• Putting your learning into practice is important for cementing it in your mind, because practice creates new neural pathways in the brain. Each time you practice a new skill or apply some new piece of information in a practical way, those pathways are strengthened and youll be less and less likely to forget what youve learned.

  • Look For Opportunities to Teach Others
  • Unless youre an expert on a particular topic, you probably wouldnt consider teaching it to others, but research shows that explaining a concept to someone else is the best way to learn it yourself. With this in mind, if you really want your learning to stick, you may want to consider looking for someone to tutor or offer to help your fellow students with their homework.

  • Relate New Material to What You Already Know
  • When youre learning something completely new, one way to help it stick in your memory is to connect it with something you have already learned. In one study, participants who were provided with relevant cues before listening to prose passages were better at recalling them later than those who had received no cues or contextual knowledge beforehand.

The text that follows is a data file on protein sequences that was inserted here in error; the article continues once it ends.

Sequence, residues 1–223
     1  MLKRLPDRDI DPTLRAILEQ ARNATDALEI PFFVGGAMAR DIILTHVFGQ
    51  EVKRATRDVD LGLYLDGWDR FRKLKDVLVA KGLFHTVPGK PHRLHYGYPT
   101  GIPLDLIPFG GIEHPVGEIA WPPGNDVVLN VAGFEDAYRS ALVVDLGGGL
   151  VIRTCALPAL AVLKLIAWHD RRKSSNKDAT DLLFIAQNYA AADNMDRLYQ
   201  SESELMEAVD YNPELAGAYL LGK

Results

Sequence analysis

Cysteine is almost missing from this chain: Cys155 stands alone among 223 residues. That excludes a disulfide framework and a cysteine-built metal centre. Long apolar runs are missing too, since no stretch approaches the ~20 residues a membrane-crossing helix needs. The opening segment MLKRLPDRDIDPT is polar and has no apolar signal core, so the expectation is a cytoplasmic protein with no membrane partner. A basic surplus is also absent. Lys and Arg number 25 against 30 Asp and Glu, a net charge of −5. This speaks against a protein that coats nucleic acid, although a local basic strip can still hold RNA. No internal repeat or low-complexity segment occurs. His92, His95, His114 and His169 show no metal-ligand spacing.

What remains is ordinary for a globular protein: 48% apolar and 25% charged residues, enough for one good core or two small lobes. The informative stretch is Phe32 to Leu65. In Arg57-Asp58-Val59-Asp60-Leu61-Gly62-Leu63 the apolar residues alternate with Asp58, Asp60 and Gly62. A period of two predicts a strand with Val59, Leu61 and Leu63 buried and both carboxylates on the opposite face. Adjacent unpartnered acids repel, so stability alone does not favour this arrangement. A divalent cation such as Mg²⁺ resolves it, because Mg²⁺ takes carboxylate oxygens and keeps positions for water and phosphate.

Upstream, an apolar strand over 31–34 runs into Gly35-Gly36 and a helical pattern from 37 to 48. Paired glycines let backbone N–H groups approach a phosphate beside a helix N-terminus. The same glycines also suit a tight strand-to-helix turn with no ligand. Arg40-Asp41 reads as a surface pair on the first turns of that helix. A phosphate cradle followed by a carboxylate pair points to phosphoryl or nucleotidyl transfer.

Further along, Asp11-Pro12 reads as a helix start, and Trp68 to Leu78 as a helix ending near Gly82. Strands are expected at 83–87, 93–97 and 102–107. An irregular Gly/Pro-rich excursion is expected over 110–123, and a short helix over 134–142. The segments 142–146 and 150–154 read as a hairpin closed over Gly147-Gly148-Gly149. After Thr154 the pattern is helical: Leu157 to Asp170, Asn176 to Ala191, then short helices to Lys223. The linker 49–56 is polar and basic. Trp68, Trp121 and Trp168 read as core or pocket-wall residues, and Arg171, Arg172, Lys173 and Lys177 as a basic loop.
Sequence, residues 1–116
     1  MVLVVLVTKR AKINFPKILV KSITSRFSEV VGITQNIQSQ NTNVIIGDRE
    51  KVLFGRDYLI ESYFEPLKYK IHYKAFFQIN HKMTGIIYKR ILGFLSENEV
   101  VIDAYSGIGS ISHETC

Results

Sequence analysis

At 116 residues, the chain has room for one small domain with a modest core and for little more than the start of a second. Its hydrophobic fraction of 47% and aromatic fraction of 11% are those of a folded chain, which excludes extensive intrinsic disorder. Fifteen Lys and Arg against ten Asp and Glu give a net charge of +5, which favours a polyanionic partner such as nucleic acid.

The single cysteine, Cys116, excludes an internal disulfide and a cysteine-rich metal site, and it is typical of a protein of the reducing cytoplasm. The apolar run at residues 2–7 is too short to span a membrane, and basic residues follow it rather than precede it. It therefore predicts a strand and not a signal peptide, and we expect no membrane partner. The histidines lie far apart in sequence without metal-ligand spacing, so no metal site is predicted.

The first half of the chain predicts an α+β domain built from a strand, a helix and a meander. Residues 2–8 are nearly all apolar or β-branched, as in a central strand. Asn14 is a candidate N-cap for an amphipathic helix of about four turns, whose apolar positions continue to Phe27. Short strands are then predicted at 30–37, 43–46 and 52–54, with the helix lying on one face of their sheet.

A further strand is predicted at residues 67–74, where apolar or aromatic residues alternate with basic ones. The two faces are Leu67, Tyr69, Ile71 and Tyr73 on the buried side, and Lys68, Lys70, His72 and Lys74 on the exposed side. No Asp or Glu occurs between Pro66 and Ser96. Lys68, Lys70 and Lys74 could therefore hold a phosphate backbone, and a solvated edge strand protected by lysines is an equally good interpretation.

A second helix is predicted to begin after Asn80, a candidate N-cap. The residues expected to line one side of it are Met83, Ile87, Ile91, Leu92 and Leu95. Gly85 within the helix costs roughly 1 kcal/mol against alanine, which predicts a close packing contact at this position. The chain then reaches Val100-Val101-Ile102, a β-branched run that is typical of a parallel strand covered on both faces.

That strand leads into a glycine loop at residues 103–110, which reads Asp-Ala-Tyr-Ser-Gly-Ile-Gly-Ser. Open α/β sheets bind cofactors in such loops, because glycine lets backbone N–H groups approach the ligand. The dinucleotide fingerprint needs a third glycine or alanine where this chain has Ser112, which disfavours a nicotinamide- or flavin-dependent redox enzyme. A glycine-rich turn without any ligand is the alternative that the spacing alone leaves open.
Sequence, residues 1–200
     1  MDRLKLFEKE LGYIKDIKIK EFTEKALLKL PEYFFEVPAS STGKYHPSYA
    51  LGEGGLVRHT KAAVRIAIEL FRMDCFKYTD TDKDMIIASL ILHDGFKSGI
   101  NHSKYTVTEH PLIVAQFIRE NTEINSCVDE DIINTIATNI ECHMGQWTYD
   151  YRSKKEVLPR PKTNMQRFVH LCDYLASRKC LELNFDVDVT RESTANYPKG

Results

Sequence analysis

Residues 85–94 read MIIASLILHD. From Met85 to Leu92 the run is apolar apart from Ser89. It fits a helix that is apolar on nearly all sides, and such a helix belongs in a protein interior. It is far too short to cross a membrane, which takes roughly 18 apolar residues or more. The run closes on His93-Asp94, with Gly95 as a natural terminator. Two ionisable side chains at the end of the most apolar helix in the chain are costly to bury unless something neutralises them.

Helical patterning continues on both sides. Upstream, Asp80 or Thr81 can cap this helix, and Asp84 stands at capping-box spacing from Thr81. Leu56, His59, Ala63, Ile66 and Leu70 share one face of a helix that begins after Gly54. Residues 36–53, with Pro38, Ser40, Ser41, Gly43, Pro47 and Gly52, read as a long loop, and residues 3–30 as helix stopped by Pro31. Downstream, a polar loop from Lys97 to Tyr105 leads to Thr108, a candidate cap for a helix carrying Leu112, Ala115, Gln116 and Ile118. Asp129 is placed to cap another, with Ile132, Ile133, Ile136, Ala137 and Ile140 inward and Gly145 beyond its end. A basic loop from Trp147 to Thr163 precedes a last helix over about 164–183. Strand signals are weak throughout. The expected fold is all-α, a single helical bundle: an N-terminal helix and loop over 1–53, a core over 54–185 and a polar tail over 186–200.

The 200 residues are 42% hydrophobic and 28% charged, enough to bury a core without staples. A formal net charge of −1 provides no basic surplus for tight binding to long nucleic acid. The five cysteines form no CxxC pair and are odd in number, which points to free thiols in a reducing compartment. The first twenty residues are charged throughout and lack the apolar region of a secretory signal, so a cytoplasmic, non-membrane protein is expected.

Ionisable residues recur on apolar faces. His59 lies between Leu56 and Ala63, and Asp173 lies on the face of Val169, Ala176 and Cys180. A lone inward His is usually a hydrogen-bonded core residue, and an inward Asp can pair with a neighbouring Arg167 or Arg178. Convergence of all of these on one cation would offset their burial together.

• Make an Effort to Retrieve Information From Memory
  • Dont be too quick to grab your textbook or consult Google when you cant remember some important piece of information. Instead, try to remember what youve already got stored away in your brain.

  • Read Out Loud
  • If you want to retain something youve read youll have a better chance of doing so if you read it out loud.

  • Write by Hand
  • Although most students these days prefer to type than write by hand, the act of putting pen to paper is still important when it comes to committing new information to memory. One reason for this is that writing by hand typically requires more effort and takes longer than typing, which forces the brain to fully engage with the new material.